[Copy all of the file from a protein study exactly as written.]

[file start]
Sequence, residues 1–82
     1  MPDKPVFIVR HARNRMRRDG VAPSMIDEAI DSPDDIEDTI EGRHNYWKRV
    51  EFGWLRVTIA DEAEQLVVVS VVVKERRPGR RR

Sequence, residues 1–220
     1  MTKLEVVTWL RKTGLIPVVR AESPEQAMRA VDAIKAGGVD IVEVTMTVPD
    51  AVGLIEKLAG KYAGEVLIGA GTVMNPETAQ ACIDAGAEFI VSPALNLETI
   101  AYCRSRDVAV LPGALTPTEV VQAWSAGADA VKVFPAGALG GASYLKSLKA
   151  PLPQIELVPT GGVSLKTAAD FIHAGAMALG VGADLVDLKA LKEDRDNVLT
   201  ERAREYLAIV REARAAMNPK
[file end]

Sequence, residues 1–82
     1  MPDKPVFIVR HARNRMRRDG VAPSMIDEAI DSPDDIEDTI EGRHNYWKRV
    51  EFGWLRVTIA DEAEQLVVVS VVVKERRPGR RR

Sequence, residues 1–220
     1  MTKLEVVTWL RKTGLIPVVR AESPEQAMRA VDAIKAGGVD IVEVTMTVPD
    51  AVGLIEKLAG KYAGEVLIGA GTVMNPETAQ ACIDAGAEFI VSPALNLETI
   101  AYCRSRDVAV LPGALTPTEV VQAWSAGADA VKVFPAGALG GASYLKSLKA
   151  PLPQIELVPT GGVSLKTAAD FIHAGAMALG VGADLVDLKA LKEDRDNVLT
   201  ERAREYLAIV REARAAMNPK